|Christian Democrat Party||PDC||Jose ENDUNDO|
|Congolese Rally for Democracy||RCD||Azarias RUBERWA|
|Convention of Christian Democrats||CDC|
|Forces of Renewal||FR||Mbusa NYAMWISI|
|Movement for the Liberation of the Congo||MLC||Jean-Pierre BEMBA|
|People's Party for Reconstruction and Democracy||PPRD||Evariste BOSHAB|
|Social Movement for Renewal||MSR||Pierre LUMBI|
|Unified Lumumbist Party||PALU||Antoine GIZENGA|
|Union for the Congolese Nation||UNC||Vital KAMERHE|
|Union for Democracy and Social Progress||UDPS||Etienne TSHISEKEDI|
|Union of Mobutuist Democrats||UDEMO||MOBUTU Nzanga|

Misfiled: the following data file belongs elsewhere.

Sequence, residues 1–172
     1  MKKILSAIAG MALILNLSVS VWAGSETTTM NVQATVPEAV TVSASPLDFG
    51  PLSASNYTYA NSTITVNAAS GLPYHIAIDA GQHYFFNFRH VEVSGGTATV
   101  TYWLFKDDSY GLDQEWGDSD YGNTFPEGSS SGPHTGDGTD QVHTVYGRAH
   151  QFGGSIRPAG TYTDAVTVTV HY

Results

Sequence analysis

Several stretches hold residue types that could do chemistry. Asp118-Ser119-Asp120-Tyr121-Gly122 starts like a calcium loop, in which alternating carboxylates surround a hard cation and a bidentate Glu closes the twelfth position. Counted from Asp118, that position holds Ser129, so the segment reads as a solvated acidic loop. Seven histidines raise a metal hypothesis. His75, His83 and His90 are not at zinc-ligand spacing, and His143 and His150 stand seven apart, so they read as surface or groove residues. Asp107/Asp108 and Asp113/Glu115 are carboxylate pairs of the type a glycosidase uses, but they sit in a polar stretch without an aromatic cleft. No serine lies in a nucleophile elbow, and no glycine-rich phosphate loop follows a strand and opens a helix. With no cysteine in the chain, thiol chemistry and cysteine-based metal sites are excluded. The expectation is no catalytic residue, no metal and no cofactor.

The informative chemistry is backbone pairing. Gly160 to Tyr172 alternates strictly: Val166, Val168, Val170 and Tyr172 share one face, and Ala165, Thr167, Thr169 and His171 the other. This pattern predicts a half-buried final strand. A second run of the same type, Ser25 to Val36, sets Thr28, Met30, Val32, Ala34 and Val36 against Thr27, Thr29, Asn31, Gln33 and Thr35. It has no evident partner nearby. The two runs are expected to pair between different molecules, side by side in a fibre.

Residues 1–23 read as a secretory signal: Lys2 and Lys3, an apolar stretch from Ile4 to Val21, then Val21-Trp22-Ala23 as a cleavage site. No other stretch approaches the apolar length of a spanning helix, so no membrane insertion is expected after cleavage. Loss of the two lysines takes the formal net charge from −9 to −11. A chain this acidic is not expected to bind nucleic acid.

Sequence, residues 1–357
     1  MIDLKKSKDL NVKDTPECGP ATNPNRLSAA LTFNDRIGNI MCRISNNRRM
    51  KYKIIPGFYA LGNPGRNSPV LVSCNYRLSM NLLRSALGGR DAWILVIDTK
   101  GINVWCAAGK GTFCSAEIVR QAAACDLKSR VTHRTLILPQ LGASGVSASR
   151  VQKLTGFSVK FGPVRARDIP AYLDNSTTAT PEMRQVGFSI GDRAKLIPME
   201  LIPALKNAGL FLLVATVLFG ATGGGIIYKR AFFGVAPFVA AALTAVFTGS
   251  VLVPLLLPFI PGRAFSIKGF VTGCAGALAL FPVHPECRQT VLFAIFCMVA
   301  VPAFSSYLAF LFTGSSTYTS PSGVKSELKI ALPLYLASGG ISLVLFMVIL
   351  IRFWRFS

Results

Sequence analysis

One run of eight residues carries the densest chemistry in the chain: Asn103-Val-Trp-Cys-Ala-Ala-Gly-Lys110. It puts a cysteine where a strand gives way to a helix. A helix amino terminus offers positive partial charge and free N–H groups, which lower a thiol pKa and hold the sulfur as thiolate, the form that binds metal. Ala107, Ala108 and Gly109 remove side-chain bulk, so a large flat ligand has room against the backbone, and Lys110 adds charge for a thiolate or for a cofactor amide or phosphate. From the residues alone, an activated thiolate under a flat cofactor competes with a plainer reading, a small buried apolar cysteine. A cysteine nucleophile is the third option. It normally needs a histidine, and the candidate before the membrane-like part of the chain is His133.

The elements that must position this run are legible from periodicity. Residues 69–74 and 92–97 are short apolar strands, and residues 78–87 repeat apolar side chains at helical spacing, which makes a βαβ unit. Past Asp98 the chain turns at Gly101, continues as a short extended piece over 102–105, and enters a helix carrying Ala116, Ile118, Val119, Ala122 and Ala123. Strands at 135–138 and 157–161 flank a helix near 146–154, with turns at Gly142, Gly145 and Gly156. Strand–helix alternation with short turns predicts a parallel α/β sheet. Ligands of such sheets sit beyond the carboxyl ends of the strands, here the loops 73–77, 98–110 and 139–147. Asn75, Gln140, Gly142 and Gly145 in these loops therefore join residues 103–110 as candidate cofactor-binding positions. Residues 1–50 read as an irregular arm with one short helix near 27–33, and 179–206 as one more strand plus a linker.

Political parties in the DRC are extremely weak. During the democratic awakening of the early 1990s, President Mobutu initiated the practice of protecting his power by encouraging the proliferation of political parties, and the country continues to have an excessive number of parties today. In the 2011 elections, nearly 500 parties fielded candidates, with almost 100 parties gaining seats in the National Assembly. Most parties are built around an individual politician, with very few promoting a clear political platform or set of ideas. Many parties lack internal democracy. Party leadership is overwhelmingly male, and women’s candidacy is promoted in only a few parties. Few parties are able to provide funding to their candidates, so most candidates must fund themselves and thus feel little loyalty to their party. Because people pay for their own election, they don’t feel that they owe anything to their party.